That experience taught me two essential lessons.  The first is that humanities scholarship that deals primarily with theory and criticism has a big problem with objective, empirical and/or evidential research methods.  Questions such as “what happened, when and why?” are regarded by many cultural and critical theorists, and those who apply theoretical models indiscriminately, as too simple and fundamentally unworthy of serious attention.  The second is that for some reason, scholars in this line of work feel that they have to engage with science and/or technology, their history, evolution and impact on society (or else Mulvey would never have felt the need to write about the invention of movie sound in the first place).  As demonstrated by the Sokal Hoax, I suspect the essential reason to be a fear of discovering that what happens/ed in the real world contradicts their essentially faith-based ideological beliefs, and they respond to that fear by trying to find ways to deny plausibly what looking at the real world will show them.  However, when cultural theorists and critics do address the issue of media technologies, they do so as a general rule without a professional background in the use or development of them, or the willingness to use “hands off” research methods that are best suited to helping them to understand those technologies: in other words, they do so from a position of profound weakness.

As a result of this episode I formed the belief that a monograph-scale work was needed that offered an integrated, “what happened, when and why?” account of the evolution and development of the technologies used to record, distribute and reproduce “moving” images and the audio recordings that are sometimes (and in the case of Vitaphone, often inaccurately) synchronized with them.  Crucially, it had to be one that made the case that technology matters, that ordinary, plain vanilla history and historiography offers the best way to understand how that technology influenced the movies that were made and shown using it, and it had to explain why that influence is significant.  Moving Image Technology: From Zoetrope to Digital is my attempt to provide it.

Introduction

A brief introduction outlines the objectives and rationale of the book, largely as explained above.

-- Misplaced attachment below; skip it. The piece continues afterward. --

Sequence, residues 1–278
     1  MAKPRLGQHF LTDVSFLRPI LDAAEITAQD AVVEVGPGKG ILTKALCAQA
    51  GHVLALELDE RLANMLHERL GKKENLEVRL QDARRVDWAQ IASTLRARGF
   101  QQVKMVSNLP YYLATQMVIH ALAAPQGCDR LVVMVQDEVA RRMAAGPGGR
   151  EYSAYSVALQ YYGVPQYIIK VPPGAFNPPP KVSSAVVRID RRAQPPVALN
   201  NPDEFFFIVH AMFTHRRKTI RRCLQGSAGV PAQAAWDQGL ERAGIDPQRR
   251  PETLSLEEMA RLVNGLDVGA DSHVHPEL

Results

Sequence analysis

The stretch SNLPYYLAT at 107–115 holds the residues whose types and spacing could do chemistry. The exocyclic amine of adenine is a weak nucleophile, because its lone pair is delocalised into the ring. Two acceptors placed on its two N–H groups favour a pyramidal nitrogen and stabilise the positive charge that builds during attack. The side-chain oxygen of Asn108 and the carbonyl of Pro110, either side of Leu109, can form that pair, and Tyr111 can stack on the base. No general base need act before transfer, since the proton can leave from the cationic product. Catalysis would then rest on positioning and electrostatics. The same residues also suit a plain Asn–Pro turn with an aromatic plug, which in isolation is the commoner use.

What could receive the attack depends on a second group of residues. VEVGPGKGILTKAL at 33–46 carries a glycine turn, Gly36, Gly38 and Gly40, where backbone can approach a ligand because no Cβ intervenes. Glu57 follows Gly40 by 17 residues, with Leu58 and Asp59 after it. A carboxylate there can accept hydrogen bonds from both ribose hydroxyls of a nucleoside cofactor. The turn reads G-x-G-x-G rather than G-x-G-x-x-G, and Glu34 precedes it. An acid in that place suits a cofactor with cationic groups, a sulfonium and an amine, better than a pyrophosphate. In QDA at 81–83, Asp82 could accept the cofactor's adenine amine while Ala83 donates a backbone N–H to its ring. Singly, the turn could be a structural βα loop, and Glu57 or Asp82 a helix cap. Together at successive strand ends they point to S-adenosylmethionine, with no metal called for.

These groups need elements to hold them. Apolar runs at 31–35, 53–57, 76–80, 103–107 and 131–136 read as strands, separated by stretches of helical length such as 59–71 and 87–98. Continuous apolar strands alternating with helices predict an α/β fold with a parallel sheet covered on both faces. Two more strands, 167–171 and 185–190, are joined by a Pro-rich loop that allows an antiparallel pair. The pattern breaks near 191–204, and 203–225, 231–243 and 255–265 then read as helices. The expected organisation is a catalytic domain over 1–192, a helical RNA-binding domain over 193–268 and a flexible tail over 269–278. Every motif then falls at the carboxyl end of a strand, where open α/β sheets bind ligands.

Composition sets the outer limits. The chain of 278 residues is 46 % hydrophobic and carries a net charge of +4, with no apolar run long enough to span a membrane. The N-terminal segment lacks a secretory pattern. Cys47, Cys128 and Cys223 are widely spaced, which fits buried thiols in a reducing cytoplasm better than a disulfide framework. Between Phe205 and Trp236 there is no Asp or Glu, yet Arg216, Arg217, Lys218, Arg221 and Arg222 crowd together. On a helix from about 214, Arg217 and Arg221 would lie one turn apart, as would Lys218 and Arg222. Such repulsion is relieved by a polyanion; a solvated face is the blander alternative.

1 – Film

The opening chapter addresses the invention, development and mainstream use of the physical recording medium which dominated the moving image throughout the first century of its widespread existence.  It begins by identifying the process that identified the need for a flexible, transparent solid with a high tensile strength in order to carry multiple photographic images that could be recorded and reproduced at the speed (frame rate) necessary to convince the human brain that it is seeing a single, moving image.  The evolution of film bases and monochrome emulsions during the twentieth century is then covered, emphasising the industrial and cultural changes caused by the industry’s abandoning of nitrocellulose base in favor of cellulose triacetate in the early 1950s.

2 – Cinematography and Film Formats

This chapter covers the evolution of the motion picture film camera, and of the various different ways that were invented of recording moving images on film.  Its essential argument is that the drive to standardization that can be seen in the development of these two technologies – what Donald J. Bell (as in Bell & Howell) called his “fondest hope for the industry” – was the crucial innovation that permitted the moving image to become a mass-medium.

Facts About Film, a sponsored film made in 1948 to promote the 16mm format for non-theatrical exhibition. “These days, anyone can operate a sound projector,” announces the commentator (“even women,” being the unspoken subtext!).

3 – Color

Chapter 4 divides the technologies that have existed for recording color information on film into two categories: “artificial” color, which is not recorded at the point of initial photography (e.g. stencil coloring and tinting), and photographic color, which is.  It offers an explanation as to why the former is almost exclusively associated with the silent era (with the infamous exception of the television industry’s infamous “colorization” experiments in the 1970s and ’80s) and the latter with the talkies.  It then walks the reader through the different types of photographic color film processes – additive, subtractive, negative-positive, reversal, substantive and non-substantive – and the circumstances of their invention, development and use.